Goldstone Report does not condemn Hamas once (part 22)
Ma’an quotes to an Al-Arabiya TV interview with Hamas politburo chief Moussa Abu Marzouq. In the interview, Marzouq points out exactly why Hamas is so ecstatic over the Goldstone report, even though people think that the report condemns Hamas for shooting rockets into Israel.
Marzouq points out something interesting:
Moussa Abu Marzouq reiterated the party’s stance on the UN-mandated Goldstone report, which says there is evidence of war crimes in the actions of Israel and Gaza factions during Israel’s Operation Cast Lead in December and January.
“It was all Palestinian factions who launched projectiles,” Abu Marzouq said, “including Fatah,” indicating that the report does not single out Hamas.
Sure enough, the report does everything possible not to explicitly name Hamas as being in violation of any humanitarian laws.
Going back to the section that is about Qassam rocket attacks against Israel, here is the first time the word “Hamas” is written in that section outside the footnotes, para. 1608:
On 20 April 2009, a member of Hamas called on other armed groups to stop firing rockets “in the interests of the Palestinian people”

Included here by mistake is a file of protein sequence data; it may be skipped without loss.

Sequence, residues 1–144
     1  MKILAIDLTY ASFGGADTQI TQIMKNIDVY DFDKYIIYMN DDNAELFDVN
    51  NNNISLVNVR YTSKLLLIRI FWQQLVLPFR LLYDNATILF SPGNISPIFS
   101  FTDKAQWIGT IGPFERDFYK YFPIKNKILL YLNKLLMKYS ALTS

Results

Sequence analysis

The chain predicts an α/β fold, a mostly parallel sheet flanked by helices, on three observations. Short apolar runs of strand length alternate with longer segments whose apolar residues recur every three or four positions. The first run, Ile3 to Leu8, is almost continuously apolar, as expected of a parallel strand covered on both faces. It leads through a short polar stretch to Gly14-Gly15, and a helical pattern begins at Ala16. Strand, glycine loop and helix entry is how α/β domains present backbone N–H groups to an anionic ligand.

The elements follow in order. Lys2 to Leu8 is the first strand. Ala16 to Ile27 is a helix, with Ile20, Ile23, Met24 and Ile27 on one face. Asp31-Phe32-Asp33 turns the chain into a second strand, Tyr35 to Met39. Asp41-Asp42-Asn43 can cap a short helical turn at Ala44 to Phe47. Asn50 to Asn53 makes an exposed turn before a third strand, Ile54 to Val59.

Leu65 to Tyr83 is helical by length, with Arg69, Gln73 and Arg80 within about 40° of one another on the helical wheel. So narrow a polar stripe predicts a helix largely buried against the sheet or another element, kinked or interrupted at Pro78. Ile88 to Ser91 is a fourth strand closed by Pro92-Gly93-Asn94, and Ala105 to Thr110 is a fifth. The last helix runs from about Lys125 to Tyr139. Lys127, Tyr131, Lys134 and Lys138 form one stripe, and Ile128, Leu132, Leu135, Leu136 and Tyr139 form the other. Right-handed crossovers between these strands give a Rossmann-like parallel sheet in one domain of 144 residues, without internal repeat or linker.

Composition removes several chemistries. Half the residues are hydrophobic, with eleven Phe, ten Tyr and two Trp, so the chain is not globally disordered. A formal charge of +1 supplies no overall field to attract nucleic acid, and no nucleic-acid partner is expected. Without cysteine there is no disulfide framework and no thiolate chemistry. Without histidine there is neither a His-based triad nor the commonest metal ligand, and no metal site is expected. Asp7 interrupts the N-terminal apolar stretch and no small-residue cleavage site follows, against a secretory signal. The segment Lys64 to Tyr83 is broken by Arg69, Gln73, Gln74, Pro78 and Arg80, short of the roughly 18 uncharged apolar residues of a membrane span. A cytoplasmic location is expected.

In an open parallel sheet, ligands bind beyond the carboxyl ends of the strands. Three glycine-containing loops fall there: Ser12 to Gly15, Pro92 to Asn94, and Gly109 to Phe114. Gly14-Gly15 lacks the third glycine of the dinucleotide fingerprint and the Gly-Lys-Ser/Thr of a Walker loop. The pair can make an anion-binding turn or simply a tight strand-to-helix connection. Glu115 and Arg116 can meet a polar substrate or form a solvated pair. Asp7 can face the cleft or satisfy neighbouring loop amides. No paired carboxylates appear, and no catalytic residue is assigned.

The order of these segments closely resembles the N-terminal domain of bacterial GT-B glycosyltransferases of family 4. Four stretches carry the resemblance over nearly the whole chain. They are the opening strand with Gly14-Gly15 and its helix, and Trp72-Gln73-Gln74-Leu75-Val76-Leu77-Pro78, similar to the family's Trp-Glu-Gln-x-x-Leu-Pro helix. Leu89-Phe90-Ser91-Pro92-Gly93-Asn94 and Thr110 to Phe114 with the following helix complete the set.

Unbelievably, Hamas is only mentioned as a force that wants to stop rocket fire!
Later on, Goldstone does passingly mention the “armed groups” that it is referring to. Hamas, of course, is not one of them, but the Qassam Brigades are described as:
1611. The ‘al Qassam Brigades’ are the armed wing of the Hamas political movement.
Goldstone’s reluctance to blame Hamas even for rocket attacks on Israel borders on the comical. The report is forced to admit that Hamas had taken specific responsibility for rockets:
1627. The first civilian casualties from rocket fire were recorded on 28 June 2004 in Sderot, when Afik Zahavi (4 years old) and Mordehai Yosefof (49 years old) were killed by a Qassam rocket. Afik’s mother, Ruthie Zahavi (28 years old) was critically injured and nine others were wounded. Hamas claimed responsibility.994
1631. On 6 January 2009, during the Israeli military operations in Gaza, Khaled Mashal, Chairman of the Hamas Political Bureau wrote in an open letter that the demand to stop the Palestinian resistance was ‘absurd … our modest home made-rockets are our cry of protest to the world”